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Small studio in 3D
http://www.johnlsayers.com/phpBB2/viewtopic.php?f=1&t=5457
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Author:  jimmyedson [ Mon Aug 05, 2013 6:44 pm ]
Post subject:  Re: Small studio in 3D

I am very grateful to John for his free Small Studio design and am beginning to plan a build based on this design.

I would like to know how HVAC would be best handled in this space. I wanted to use the Daikin Ururu Sarara split air con system but do I need two - one for each room - or can I get away with one in the live room with exhaust in the control room?

Is there a problem in placing the internal air con in the control room i.e. air flow affecting listening as well as the noise of the fan?

Regards
Jim

Author:  Soundman2020 [ Mon Aug 05, 2013 11:58 pm ]
Post subject:  Re: Small studio in 3D

In general, it is not a good idea to have one room exhausting its stale air into another room, which is what you would have if you only used one unit. It would not save you much either, as you'd still need to build two duct systems with silencer boxes and fans: One system would be to feed the air from one room to the other, and the second system would be to bring the doubly-stale air back again.

I've always wondered about those Ururu units, and where the stale air goes. As far as I understand it, they include a small duct to bring fresh air into the room, but do they also include another duct to remove stale air FROM the room? If not, then where does the stale air go? A studio is, by definition, a hermetically sealed, with two absolutely air-tight seals all around, on all sides. So having a pipe to bring air into the room is pointless unless you also have another equal sized pipe to take air out of the room....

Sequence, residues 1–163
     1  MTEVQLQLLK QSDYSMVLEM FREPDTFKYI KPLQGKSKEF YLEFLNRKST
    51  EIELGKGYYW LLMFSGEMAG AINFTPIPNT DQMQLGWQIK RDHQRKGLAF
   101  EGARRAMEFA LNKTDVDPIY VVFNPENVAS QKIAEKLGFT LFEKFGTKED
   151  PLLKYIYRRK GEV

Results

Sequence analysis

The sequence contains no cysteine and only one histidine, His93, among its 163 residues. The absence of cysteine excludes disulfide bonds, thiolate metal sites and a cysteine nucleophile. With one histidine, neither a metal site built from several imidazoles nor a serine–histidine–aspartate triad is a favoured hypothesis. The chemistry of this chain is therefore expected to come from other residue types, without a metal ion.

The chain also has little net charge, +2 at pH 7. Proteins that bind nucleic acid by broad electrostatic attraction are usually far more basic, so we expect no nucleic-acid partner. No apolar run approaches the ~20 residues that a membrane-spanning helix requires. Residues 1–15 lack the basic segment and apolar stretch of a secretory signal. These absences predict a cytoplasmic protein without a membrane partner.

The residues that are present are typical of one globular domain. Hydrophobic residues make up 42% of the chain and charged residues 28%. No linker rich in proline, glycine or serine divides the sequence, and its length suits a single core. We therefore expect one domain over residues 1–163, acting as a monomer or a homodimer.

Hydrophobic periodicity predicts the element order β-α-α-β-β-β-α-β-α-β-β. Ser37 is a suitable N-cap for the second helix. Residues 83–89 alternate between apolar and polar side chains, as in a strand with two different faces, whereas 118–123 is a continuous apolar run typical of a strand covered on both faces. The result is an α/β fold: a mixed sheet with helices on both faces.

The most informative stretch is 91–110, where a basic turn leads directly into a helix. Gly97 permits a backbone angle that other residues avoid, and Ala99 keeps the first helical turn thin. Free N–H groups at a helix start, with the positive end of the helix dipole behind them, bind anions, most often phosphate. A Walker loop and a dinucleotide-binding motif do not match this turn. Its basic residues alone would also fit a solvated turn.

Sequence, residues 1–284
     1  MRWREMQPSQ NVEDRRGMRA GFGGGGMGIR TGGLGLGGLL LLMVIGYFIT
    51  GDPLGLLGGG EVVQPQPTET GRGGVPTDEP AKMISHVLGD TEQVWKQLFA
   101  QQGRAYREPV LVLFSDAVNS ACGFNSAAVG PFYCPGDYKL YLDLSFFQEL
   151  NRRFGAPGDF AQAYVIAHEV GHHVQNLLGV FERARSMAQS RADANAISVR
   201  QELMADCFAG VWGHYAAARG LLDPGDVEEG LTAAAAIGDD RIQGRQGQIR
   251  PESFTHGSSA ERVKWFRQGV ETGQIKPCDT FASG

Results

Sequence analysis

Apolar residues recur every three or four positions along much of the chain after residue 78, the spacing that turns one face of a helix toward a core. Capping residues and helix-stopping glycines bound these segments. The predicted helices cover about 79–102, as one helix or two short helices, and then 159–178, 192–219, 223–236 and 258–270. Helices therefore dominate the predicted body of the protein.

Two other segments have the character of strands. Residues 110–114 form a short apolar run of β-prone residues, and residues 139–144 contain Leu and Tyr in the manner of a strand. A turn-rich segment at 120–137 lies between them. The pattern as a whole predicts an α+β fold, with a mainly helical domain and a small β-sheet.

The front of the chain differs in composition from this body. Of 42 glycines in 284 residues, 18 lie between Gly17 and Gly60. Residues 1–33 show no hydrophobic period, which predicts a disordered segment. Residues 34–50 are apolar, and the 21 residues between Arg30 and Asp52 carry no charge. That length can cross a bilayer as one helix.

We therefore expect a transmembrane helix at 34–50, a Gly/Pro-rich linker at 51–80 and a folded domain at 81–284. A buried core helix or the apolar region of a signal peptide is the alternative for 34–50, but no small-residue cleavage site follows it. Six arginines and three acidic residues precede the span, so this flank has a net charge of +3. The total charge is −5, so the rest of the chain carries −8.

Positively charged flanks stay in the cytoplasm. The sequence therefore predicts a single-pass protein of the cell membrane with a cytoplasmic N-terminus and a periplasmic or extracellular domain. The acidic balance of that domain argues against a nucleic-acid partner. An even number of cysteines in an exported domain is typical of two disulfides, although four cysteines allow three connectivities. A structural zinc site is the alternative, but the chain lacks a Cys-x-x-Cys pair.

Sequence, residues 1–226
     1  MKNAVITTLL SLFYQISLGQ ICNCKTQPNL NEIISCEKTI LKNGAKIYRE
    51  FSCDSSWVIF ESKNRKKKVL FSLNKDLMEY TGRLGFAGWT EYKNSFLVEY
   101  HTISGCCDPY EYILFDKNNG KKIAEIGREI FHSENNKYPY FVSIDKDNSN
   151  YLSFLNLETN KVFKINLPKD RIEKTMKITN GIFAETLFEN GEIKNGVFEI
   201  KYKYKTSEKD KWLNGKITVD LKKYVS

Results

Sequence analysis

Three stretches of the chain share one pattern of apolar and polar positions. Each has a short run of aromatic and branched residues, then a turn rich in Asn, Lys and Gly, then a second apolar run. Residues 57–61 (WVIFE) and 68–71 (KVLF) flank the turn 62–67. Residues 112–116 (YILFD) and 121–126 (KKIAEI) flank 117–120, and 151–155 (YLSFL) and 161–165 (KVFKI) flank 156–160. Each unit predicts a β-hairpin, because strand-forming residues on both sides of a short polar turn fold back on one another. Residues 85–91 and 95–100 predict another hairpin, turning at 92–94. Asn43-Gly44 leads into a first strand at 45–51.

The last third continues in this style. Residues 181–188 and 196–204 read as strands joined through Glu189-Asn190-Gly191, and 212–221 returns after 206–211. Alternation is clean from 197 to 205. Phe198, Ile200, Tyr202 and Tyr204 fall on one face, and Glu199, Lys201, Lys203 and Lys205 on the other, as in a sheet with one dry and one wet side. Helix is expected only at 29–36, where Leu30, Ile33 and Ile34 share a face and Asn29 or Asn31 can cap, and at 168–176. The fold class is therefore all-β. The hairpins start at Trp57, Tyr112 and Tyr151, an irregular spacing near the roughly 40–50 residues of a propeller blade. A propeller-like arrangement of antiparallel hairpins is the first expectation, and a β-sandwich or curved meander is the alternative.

- Stuart -

Author:  Soundman2020 [ Mon Aug 12, 2013 1:25 pm ]
Post subject:  Re: Small studio in 3D

Quote:
Any thoughts on increasing the size by adding percents?
You can scale up and down, but do be aware that even though the ratio will remain the same, you are still moving all the modes to a different set of frequencies, which might or might not be in a good musical relationship. Of course, if you scale everything by exactly 200%, then that's not a problem, as you just moved it all down by one entire octave... :) (But you do have 16 foot ceilings then!)

- Stuart -

Author:  Ketil [ Tue Aug 13, 2013 5:16 pm ]
Post subject:  Re: Small studio in 3D

Thanks a lot Soundman!

I only have 11.5 feet :) ...but talking about height...I cant seem to find the height measurement in SketchUp. I might be a bad SketchUp practitioner, but I have looked everywhere to try and find out the height of this studio :oops:

Also, where would you put a/c ?

Author:  Soundman2020 [ Tue Aug 13, 2013 11:53 pm ]
Post subject:  Re: Small studio in 3D

Quote:
I cant seem to find the height measurement in SketchUp.
Use the tape measure tool... :)

Quote:
Also, where would you put a/c ?